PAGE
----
Neuropsychological correlates of apathy in mild cognitive impairment and Alzheimer's disease: the role of executive functioning

Rosa L. Drijgers, Frans R. J. Verhey, Albert F. G. Leentjens, Sebastian Kohler, Pauline Aalten*

*Corresponding author for this work

Research output: Contribution to journalArticleAcademicpeer-review


Background: Apathy is a common and important behavioral syndrome in various neuropsychiatric diseases, such as mild cognitive impairment (MCI) and Alzheimer's disease (AD). So far, only few studies have compared the neuropsychological correlates of apathy in patients with MCI and dementia. The aim of the current study was to examine the association between apathy and neuropsychological functioning in patients with MCI and AD. Methods: Two-hundred-and-sixty AD patients and 178 MCI patients visiting the Memory Clinic of the Maastricht University Medical Centre participated in the study. Linear regression analysis, corrected for age, gender, level of education and depression, was performed to reveal cross-sectional associations between apathy and scores on neuropsychological tests of memory, attention, psychomotor speed and executive functioning. Results: In patients with MCI, apathy was characterized by decreased verbal fluency and psychomotor tracking. In AD, patients with apathy differed from non-apathetic patients only on a verbal fluency task. Conclusion: Apathy is related to executive dysfunction in the early phases of cognitive decline. In particular, in the prodromal phase of AD, apathy seems to be characterized by poor initiating. In the more advanced stages of cognitive deterioration, associations between apathy and specific neuropsychological correlates may be obscured by the more severe neuropathology. Awareness of apathy in the early phase of cognitive impairment may help in early diagnosis of AD.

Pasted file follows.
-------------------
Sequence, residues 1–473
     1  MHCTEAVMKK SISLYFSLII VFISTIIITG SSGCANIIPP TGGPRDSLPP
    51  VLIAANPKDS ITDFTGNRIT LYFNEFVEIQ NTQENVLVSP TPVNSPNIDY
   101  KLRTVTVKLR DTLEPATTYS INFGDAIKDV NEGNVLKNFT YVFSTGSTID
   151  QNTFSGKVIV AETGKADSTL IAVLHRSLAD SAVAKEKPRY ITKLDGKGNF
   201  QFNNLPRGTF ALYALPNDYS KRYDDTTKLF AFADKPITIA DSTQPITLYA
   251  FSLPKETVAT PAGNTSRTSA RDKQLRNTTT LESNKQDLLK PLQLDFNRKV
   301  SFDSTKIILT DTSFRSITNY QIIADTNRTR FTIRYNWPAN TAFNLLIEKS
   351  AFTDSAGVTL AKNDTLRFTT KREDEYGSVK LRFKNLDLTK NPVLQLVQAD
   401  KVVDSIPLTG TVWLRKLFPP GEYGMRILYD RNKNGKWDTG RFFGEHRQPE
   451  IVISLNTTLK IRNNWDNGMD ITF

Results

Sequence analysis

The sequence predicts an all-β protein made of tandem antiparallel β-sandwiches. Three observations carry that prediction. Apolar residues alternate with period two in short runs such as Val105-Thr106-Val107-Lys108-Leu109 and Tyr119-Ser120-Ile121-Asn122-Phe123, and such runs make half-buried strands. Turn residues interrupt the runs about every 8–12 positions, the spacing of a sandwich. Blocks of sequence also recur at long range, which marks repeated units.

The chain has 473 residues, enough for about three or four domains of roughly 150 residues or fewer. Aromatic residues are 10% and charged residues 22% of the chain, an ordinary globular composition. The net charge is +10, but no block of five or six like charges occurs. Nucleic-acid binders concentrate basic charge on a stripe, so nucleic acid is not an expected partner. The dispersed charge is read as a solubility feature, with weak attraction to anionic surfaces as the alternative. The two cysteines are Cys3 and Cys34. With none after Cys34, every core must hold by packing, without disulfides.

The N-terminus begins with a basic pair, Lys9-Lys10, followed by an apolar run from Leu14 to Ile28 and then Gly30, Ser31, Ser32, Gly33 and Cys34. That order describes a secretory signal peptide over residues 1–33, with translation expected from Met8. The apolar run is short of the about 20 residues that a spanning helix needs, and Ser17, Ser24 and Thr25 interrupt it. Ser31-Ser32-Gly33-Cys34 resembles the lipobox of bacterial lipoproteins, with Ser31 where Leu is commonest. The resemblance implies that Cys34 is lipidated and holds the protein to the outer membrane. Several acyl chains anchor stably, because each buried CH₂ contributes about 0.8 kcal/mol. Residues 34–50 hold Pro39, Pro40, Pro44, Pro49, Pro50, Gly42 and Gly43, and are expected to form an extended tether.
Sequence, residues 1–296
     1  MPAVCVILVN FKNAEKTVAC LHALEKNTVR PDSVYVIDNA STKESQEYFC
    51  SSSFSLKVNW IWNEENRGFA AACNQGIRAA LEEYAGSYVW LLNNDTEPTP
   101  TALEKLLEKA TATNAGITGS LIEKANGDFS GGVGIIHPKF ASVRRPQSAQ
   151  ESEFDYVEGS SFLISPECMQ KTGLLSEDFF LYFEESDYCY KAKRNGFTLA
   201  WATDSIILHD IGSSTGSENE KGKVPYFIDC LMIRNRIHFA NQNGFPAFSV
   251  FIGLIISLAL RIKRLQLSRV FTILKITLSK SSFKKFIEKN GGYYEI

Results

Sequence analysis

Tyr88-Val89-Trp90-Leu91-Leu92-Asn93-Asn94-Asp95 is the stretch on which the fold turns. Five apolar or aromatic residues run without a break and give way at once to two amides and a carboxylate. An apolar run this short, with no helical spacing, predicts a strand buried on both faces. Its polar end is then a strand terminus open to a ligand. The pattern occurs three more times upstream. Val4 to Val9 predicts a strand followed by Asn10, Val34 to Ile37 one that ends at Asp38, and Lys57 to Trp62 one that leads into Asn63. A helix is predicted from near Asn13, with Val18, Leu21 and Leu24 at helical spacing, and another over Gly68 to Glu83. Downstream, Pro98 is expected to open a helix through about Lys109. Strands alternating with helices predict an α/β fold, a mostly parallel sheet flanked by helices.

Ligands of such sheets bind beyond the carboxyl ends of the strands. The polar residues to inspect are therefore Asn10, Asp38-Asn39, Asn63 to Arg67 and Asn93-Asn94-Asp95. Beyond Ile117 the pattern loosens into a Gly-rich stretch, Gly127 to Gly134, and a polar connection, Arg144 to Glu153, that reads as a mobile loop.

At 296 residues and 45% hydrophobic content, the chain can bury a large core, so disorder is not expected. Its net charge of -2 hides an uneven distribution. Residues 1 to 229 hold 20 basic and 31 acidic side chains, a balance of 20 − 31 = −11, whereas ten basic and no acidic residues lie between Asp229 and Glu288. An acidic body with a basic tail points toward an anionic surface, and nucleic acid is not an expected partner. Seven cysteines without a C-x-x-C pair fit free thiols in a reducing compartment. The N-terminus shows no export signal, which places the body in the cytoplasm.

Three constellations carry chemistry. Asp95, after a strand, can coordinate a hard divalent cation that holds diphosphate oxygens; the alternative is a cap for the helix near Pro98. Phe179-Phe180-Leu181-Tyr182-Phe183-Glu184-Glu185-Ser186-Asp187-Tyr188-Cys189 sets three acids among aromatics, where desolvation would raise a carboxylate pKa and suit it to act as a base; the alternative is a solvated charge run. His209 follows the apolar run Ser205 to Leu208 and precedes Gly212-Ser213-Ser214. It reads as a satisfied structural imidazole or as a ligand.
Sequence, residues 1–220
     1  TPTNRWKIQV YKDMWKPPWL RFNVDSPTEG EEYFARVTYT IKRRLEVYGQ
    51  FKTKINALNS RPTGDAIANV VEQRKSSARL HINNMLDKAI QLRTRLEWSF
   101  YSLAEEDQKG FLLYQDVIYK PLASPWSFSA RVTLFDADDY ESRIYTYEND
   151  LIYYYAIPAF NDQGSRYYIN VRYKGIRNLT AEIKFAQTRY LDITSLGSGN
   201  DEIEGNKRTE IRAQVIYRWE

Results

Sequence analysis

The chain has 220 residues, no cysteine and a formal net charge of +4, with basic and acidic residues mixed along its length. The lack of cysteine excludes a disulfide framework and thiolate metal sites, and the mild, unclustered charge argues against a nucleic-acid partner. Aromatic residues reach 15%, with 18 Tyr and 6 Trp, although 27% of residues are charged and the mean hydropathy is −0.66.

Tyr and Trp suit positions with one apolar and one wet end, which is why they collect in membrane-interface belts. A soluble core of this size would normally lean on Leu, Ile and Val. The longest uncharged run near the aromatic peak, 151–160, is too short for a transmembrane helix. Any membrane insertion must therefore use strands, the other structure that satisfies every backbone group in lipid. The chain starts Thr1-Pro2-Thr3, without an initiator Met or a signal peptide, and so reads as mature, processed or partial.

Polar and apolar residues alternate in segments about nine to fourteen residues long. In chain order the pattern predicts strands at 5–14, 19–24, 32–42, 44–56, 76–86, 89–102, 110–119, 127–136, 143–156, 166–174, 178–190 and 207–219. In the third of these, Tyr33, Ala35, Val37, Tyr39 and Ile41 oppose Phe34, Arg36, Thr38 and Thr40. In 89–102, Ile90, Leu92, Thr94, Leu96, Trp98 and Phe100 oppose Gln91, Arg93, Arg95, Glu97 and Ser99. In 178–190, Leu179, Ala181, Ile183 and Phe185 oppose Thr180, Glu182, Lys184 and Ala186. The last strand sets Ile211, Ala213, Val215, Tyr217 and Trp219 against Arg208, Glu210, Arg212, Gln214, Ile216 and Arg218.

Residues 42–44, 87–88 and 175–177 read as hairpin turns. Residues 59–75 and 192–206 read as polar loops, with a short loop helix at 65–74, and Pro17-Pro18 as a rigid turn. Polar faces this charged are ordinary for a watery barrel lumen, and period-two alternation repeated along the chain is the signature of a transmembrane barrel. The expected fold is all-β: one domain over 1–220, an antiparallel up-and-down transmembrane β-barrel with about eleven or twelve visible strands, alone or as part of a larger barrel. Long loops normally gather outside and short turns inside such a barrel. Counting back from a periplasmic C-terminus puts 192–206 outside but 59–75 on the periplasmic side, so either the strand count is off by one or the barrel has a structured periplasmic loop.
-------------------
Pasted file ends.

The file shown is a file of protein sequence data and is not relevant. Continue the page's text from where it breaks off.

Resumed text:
Original languageEnglish
Pages (from-to)1327-1333
JournalInternational Psychogeriatrics
Issue number8
Publication statusPublished - Oct 2011


  • apathy
  • neuropsychological profile
  • Alzheimer's
  • MCI

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